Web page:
Can We Control Medicare Fraud?
In my last blog I addressed Medicare fraud in the context of presenting ideas to save the American dream and turn the economy around. In this blog I look at the specifics of the Medicare fraud problem.
You may recall that the Obama Health Care Reform Act cited about $500 billion in Medicare fraud that is supposed to be recovered to help pay for the Act that was passed by Congress and has recently been challenged in the courts. I’ve wondered why the government has to wait until a new bill becomes law to recover ill-gotten gains from Medicare fraud. The truth is that Medicare fraud has been going on since the Social Security Act of 1965 was signed into law on July 30, 1965, by President Lyndon B. Johnson as amendments to existing Social Security legislation. There is no reason to believe we will be more successful fighting the fraud because of the Health Care Reform Act than we have been during the past 45 years. When you have a corrupt system manipulated by corrupt people, such people typically stay one step ahead of the regulators who are outmanned and underfunded in their efforts to curb the abuse.
The Medicare Fraud Strike Force recently charged 111 defendants in nine cities, including doctors, nurses, health care company owners and executives, and others, for their alleged participation in Medicare fraud schemes involving more than $225 million in false billing. “With this takedown, we have identified and shut down large-scale fraud schemes operating throughout the country. We have safeguarded precious taxpayer dollars. And we have helped to protect our nation’s most essential health care programs, Medicare and Medicaid,” said Attorney General William Holder. As the arrests prove, "we are waging an aggressive fight against health care fraud.”
Dream on Mr. Holder. The National Health Care Anti-Fraud Association estimates that 3% of the more than $2 trillion spent on health care in 2007 is lost to fraudulent activity. Other organizations estimate fraud to account for up to 10% of all costs. Medicare fraud is legend, and most of the time it goes undetected, costing taxpayers billions of dollars each year.
According to court documents, the defendants participated in schemes to submit claims to Medicare for treatments that were medically unnecessary and oftentimes, never provided. In many cases, indictments and complaints allege that patient recruiters, Medicare beneficiaries and other co-conspirators were paid cash kickbacks in return for supplying beneficiary information to providers, so that the providers could submit fraudulent billing to Medicare for services that were medically unnecessary or never provided.
Just to give you some examples, in Miami, 32 defendants, including 2 doctors and 8 nurses, were charged for their participation in various fraud schemes involving a total of $55 million in false billings for home health care, durable medical equipment and prescription drugs. Twenty-one defendants, including three doctors, three physical therapists and one occupational therapist, were charged in Detroit for schemes to defraud Medicare of more than $23 million. The Detroit cases involve false claims for home health care, nerve conduction tests, psychotherapy, physical therapy and podiatry.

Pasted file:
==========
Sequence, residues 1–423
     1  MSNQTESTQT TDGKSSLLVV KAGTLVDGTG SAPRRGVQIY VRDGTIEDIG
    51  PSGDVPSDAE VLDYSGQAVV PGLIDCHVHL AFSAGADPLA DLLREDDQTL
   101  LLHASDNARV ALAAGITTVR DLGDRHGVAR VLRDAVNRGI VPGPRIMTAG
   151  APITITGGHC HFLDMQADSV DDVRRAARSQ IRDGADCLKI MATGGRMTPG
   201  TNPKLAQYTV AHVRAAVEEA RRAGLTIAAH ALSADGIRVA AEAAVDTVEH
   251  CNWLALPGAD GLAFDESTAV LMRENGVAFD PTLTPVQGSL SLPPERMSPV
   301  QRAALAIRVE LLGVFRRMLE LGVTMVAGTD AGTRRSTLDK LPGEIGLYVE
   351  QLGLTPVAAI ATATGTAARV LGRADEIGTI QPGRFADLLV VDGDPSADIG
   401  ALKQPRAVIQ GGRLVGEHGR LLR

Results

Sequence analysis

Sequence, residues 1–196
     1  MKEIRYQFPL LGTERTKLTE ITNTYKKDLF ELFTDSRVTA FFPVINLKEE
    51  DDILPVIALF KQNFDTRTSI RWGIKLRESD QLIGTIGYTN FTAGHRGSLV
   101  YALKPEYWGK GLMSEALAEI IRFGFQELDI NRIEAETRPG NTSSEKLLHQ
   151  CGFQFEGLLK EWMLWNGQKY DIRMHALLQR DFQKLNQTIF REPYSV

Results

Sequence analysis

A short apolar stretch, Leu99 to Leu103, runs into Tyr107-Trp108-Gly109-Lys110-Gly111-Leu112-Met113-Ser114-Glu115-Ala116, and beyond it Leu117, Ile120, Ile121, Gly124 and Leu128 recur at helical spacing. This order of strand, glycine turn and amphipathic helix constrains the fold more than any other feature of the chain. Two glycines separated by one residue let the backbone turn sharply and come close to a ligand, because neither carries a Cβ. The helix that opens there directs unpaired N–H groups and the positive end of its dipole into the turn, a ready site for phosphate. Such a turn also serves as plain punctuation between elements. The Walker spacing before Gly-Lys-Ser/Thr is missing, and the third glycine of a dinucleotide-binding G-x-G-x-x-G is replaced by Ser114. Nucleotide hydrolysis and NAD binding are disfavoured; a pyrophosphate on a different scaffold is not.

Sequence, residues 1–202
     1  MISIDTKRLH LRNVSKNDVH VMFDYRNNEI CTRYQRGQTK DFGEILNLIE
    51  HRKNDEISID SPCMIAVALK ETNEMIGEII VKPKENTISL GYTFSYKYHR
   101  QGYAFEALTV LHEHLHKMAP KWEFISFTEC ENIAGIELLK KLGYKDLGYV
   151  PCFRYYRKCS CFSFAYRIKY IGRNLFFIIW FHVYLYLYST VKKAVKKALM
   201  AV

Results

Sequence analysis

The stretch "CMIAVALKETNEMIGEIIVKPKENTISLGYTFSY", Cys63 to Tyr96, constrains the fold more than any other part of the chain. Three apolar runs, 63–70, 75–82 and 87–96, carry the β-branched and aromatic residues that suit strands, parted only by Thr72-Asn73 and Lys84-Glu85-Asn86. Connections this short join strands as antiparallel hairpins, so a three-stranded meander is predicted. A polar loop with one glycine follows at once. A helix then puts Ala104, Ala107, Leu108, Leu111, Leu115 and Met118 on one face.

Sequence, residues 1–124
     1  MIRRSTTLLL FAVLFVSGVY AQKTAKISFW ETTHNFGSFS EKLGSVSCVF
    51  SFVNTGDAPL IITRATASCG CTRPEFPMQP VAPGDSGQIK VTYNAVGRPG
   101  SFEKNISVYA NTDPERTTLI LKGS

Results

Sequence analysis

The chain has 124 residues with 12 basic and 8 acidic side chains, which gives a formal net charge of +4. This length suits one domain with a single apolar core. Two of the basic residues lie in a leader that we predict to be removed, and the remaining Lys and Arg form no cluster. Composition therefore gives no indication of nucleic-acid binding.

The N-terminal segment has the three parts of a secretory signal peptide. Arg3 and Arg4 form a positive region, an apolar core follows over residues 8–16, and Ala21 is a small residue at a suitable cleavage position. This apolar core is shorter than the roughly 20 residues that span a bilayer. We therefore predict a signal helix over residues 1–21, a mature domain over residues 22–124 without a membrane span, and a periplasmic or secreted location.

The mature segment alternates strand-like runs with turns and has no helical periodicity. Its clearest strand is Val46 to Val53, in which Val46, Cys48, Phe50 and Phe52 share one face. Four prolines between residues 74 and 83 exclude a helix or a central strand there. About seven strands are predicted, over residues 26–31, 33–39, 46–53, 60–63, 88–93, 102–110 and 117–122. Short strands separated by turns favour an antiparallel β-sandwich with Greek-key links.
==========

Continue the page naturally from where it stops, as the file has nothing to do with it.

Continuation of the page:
In Brooklyn, N.Y., 10 individuals, including three doctors and one physical therapist, were charged with fraud schemes involving $90 million in false billings for physical therapy, proctology services and nerve conduction tests. Ten defendants were charged in Tampa for participating in schemes involving more than $5 million related to false claims for physical therapy, durable medical equipment and pharmaceuticals.
Nine individuals were charged in Houston for schemes involving $8 million in fraudulent Medicare claims for physical therapy, durable medical equipment, home health care and chiropractor services. In Dallas, seven defendants were indicted for conspiring to submit $2.8 million in false billing to Medicare related to durable medical equipment and home health care.
Five defendants were charged in Los Angeles for their roles in schemes to defraud Medicare of more than $28 million. The cases in Los Angeles involve false claims for durable medical equipment and home health care. In Baton Rouge, La., six individuals were charged for a durable medical equipment fraud scheme involving more than $9 million in false claims. In Chicago, charges were filed against 11 individuals associated with businesses that have billed Medicare more than $6 million for home health, diagnostic testing and prescription drugs.
As a society we need to come to grips with the fact that fraud and abuse is widespread in our economic system whether caused by Medicare fraud, Ponzi schemes, insider trading or other forms of business fraud that have cost investors and employees hundreds of billions of dollars. Nothing will change until the ethical foundation that built the greatest nation on earth and that has been crumbling for many years is rebuilt.